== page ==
Deng, too, remained “paramount leader” through and after the 1989 Tiananmen Square massacre, although he held no formal titles by the time of his death except honorary president of a charity and of China’s Bridge Assn.
Jiang is a cautious technocrat, not an inspirational revolutionary or visionary. His political credentials come from a Shanghai university and a Soviet car factory, not the legendary Long March of the 1930s, the crucible that yielded the early leaders of the People’s Republic.
He has had to rely instead on astute political maneuvering to knock off his rivals ever since Deng anointed him party chief right after the Tiananmen Square massacre.
His handlers have striven to portray Jiang as a modernizer in tune with the times, a progressive thinker who wants to broaden the Communist Party to include not just its traditional base of peasants and workers but China’s new elites: its small but increasingly influential middle class, its professionals and intellectuals, and its entrepreneurs.
Jiang’s awkwardly named and somewhat confusing political philosophy, the “Three Represents,” is widely seen as an attempt to co-opt these growing elites by inviting them to join the party.
“He tries to please everybody,” said one public-relations consultant who has advised the government and asked not to be identified. Some of Jiang’s attempts to drive home his right of succession have been embarrassingly ham-handed. One newspaper article a few years ago featured photos of Mao and Deng reading the People’s Daily, the party mouthpiece. A third picture showed Jiang mimicking them almost down to the pose.
His emphasis on image even dictates his choice of clothes. When the country celebrated 50 years of Communist rule in 1999 with a massive parade through downtown Beijing, Jiang was the only one of China’s leaders up on the viewing platform wearing a Mao suit. The others wore Western dress and clapped stonily as marchers went by hoisting huge pictures of Mao, Deng and Jiang.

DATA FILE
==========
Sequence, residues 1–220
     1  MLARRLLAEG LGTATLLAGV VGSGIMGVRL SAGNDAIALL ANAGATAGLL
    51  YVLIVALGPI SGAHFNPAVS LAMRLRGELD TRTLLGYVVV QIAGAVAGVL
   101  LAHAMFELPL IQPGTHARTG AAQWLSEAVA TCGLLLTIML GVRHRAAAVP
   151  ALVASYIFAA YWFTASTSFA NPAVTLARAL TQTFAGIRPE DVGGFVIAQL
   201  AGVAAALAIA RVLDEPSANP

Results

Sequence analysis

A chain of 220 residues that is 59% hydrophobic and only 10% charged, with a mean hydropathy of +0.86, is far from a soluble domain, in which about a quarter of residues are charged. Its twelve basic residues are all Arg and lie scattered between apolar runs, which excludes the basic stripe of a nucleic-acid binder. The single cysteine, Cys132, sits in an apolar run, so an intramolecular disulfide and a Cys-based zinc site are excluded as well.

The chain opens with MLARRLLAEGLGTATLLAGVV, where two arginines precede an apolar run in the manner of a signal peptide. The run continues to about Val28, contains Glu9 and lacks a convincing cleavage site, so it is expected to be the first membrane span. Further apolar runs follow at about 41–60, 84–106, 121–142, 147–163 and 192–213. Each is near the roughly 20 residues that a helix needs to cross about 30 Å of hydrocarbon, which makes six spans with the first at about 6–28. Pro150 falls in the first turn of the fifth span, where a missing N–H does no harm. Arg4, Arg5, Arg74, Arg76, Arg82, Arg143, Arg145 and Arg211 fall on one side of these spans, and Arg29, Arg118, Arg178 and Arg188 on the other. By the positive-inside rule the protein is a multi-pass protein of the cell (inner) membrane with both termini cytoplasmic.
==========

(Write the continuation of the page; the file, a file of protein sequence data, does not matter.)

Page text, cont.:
Perhaps more than any other of his duties, Jiang relishes his role as a world statesman--and plays it up as much as possible. The national evening newscast, seen by hundreds of millions of viewers, airs almost nightly footage of Jiang trotting the globe or receiving tribute in Beijing from small, poor countries that most Chinese have never heard of.
The cameras also track him on highly staged walkabouts among ordinary Chinese, whose flesh he presses and infants he dandles on his knee to show himself a beneficent leader in touch with the average Zhou.
But the results aren’t always encouraging.
Ridicule and Apathy
Many Chinese think Jiang looks ridiculous and sycophantic bursting into English for foreign dignitaries or indulging his habit, which he apparently thinks charming, of serenading them with snatches of Chinese opera.
Others find it hard to care even enough to poke fun at the “Three Represents,” which he is lobbying hard to have written into the Communist Party charter at the party congress. This would guarantee that his influence on China’s direction would continue.
A survey of young people found that only 11% could name even one of the “represents.” Scoffers say the philosophy should be enshrined in the party charter, alongside “Mao Tse-tung Thought” and “Deng Xiaoping Theory,” under the heading “Jiang Zemin’s Opinions.”
“I don’t see Jiang as a particularly popular leader,” said Joseph Fewsmith, an expert on Chinese politics at Boston University. “I think there is a real disconnect between the public, which is more interested in making a living, and the leadership, where party mechanisms and control over ideology remain important.”
But Jiang lacks the charisma of Mao. And despite the best efforts of his spin doctors, many still do not see him as path-breaking like Deng, who instituted the market-oriented reforms he continued.
“Unless he has been sure of his next move, he has generally not moved. This has given his administration a lackluster character because he is not associated with forceful or visionary leadership,” Fewsmith said. “But it has helped him stay in power.”